Seriously, what is that? (Also, Blogger take note-"Blogger's" was taken to be a misspelled word by your own spellchecker!)
Now that that's out of the way, I'd like to gripe a little bit about something that's always bugged me: The Theory of Relativity.
It's not the basic premise (the effects of time dilation, relative reference frames, etc.) that bug me. It's the whole there is no ultimate frame of reference (heretofore referred to as "ultimate relativity") assumption.
It's just plain wrong. How, you may ask, do I know differently from an army of brilliant physicists who have been working in this field for about a hundred historical years, give or take?
Because the things that relativity predict and explain, such as time dilation, would be negated by ultimate relativity.
Let me present a little example. The observer is sitting still, while someone else is traveling at speeds sufficient to create a measurable time dilation effect. But according to ultimate relativity, the observer is in a frame of reference which is likewise, from the point of view of the other observer, also traveling at sufficient speed to create a measurable time dilation effect.
If ultimate relativity was true, that whole time dilation thing used as a plot device and as a tool by science fiction writers becomes a rather stupid exercise in futility.
Dignitary Guy: We are welcoming back our astronauts who travelled at nearly the speed of light in order to avoid aging on their 200 year round trip! Of course, everyone they ever knew is dead because of the time they were gone. Ha ha ha!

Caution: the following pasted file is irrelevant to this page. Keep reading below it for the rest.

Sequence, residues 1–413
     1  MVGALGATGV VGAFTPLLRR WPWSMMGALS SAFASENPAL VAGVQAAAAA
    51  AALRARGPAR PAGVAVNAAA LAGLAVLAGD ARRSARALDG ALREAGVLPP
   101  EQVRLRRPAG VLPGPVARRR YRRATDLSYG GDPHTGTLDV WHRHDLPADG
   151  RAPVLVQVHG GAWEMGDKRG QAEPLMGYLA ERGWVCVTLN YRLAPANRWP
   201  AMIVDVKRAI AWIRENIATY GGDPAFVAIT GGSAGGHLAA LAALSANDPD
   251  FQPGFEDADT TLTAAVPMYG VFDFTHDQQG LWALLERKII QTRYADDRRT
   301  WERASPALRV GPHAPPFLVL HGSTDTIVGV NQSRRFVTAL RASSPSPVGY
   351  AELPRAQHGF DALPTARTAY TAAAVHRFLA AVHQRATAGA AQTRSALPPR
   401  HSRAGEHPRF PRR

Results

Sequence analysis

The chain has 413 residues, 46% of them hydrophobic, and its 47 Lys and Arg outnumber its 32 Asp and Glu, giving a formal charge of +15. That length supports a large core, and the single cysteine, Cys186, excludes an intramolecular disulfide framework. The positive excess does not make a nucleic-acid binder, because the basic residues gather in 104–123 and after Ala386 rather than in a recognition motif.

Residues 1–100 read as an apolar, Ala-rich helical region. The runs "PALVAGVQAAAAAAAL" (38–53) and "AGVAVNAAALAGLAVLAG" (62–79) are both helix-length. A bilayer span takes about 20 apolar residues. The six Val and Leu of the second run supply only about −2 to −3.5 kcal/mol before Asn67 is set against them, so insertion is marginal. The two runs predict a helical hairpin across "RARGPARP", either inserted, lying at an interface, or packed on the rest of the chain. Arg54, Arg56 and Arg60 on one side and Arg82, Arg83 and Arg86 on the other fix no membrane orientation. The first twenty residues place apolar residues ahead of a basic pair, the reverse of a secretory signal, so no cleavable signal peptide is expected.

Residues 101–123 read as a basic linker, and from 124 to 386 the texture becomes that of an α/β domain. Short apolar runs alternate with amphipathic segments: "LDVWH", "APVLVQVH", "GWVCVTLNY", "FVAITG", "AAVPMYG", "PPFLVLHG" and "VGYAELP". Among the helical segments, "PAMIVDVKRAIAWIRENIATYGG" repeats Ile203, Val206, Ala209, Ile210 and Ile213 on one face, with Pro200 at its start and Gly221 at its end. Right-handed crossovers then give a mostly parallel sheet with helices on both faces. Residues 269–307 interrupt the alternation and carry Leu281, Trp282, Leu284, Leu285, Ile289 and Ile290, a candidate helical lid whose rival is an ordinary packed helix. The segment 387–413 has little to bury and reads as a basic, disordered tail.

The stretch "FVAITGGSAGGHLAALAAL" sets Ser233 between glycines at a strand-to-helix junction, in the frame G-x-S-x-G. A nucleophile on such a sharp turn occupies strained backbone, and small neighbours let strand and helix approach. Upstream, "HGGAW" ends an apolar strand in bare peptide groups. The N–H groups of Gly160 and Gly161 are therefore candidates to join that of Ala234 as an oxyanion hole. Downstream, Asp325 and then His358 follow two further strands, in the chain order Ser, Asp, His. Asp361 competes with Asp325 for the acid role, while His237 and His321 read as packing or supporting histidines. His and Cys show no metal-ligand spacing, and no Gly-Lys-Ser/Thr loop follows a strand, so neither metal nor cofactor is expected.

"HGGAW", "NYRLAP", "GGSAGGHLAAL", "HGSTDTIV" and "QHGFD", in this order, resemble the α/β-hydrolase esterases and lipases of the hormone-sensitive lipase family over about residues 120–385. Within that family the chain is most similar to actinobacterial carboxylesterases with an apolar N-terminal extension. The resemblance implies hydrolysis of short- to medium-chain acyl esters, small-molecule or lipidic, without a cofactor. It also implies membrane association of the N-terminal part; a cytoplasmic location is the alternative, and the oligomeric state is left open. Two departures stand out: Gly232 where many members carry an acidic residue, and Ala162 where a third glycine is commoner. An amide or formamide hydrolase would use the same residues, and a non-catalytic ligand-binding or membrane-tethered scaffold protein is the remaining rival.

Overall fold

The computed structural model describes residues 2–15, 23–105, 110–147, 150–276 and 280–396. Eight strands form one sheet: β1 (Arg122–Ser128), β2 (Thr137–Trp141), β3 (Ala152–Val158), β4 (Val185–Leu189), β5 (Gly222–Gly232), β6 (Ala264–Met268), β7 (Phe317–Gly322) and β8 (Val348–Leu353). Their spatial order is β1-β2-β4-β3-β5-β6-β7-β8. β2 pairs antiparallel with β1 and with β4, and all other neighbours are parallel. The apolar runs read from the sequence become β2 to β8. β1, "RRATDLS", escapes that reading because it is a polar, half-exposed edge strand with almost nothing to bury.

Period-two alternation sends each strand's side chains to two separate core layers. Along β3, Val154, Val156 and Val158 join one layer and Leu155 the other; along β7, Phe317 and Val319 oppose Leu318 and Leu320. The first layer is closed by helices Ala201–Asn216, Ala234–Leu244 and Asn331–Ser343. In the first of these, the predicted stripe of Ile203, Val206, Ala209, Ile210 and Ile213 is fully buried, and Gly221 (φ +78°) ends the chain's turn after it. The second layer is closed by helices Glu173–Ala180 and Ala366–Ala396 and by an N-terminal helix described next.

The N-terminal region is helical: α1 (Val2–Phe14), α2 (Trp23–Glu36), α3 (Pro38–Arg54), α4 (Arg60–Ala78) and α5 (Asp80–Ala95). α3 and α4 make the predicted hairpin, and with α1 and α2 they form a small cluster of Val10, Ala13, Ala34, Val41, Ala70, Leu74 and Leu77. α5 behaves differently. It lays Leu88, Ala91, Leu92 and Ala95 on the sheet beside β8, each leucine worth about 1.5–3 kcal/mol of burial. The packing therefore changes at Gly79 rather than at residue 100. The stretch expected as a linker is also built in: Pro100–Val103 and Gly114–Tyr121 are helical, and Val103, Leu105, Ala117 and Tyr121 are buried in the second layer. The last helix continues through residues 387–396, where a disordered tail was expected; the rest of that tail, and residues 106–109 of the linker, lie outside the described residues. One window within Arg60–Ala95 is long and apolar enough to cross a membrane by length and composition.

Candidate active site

Crowd: (polite laughter)
Dignitary Guy: So let's open that creaky old rocket up, shall we?
(out falls a skeleton in a spacesuit)
Dignitary Guy: Well, this is awkward.
Since the observable effects of time dilation and other weird relativity crud exist, I would presume the following: Relativity actually needs an ultimate frame of reference.
This is not a farfetched or difficult idea in the slightest. According to something I recently read in a Scientific American "special report" that I received as a result of subscribing, the theory may need that modification in the next five to ten years anyway.
And don't think this means that physicists are idiots, either. The "great Greek thinkers" were always coming up with all sorts of really stupid assumptions for their ridiculous "paradoxes," and people are still talking about how great they are. (For instance, there's this one about how, even if Achilles were to run ten times faster than a tortoise, if the tortoise got a head start, Achilles would literally never be able to catch the tortoise. Seriously, what the heck? Talk about your time dilation. [Actually, that was the flaw in the paradox-the paradox kept dividing the time period measured into smaller and smaller bits, and seemed to forget that time doesn't actually flow that way.])
Finally, if you like comic books, Batman, or all of the above, read this. Read it now.
For a guy whose internets modus operandi is more usually stuff like this, this, this, or this, Chris Sims can occasionally be much more verbose and intelligent than he usually comes across as being. (Not to say that he comes across as "stupid" or anything the rest of the time-just kinda ADD and crazy.)
Argh, Blogger, your other buttons are doing that stupid thing too!